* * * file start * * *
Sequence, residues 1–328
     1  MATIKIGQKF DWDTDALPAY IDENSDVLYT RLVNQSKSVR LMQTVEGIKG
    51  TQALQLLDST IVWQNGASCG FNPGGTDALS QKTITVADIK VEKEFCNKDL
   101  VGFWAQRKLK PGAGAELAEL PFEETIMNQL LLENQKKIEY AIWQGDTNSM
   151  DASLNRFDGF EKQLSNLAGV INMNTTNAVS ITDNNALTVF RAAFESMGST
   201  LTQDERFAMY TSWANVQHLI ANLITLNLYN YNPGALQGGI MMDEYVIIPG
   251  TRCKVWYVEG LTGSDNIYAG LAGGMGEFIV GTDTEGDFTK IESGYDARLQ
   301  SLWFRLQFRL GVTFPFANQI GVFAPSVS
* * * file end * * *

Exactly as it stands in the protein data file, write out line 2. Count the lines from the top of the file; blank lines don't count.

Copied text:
     1  MATIKIGQKF DWDTDALPAY IDENSDVLYT RLVNQSKSVR LMQTVEGIKG